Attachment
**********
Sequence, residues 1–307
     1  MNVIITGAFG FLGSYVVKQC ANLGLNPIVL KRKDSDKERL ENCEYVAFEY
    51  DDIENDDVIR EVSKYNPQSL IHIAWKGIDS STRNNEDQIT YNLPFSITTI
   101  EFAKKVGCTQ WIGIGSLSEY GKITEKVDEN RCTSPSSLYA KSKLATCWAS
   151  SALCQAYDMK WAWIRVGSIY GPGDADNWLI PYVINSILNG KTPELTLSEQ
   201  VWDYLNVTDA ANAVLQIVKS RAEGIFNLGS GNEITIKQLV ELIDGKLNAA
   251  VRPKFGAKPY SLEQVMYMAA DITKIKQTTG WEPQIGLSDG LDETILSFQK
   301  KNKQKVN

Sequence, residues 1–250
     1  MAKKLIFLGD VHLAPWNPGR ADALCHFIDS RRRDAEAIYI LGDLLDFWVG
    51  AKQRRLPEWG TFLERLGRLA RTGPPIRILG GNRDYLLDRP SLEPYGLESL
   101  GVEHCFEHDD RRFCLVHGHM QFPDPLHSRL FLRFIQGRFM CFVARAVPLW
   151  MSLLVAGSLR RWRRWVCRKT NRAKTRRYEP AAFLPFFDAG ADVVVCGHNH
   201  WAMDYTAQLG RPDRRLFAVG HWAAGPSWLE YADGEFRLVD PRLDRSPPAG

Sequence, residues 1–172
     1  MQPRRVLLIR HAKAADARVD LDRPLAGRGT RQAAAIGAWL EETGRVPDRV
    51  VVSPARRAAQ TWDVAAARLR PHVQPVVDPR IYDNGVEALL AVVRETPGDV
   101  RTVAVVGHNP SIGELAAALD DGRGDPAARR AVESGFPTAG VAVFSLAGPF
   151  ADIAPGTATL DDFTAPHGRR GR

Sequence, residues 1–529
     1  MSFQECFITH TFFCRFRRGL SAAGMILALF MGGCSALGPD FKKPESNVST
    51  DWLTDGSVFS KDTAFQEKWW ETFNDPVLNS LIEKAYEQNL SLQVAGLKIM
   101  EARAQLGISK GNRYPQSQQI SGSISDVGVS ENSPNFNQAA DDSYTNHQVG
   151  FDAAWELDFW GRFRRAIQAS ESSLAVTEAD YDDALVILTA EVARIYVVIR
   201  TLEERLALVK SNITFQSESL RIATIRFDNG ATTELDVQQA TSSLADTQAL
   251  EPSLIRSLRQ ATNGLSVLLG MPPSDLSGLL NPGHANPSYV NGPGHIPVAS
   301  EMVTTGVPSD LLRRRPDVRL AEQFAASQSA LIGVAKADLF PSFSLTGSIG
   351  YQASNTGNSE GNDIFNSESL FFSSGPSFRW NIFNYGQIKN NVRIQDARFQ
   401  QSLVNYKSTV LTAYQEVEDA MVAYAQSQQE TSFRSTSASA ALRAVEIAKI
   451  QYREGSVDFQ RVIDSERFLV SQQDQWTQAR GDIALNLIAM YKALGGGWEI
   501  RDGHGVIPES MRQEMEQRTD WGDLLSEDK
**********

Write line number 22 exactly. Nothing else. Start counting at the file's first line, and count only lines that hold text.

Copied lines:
    51  DWLTDGSVFS KDTAFQEKWW ETFNDPVLNS LIEKAYEQNL SLQVAGLKIM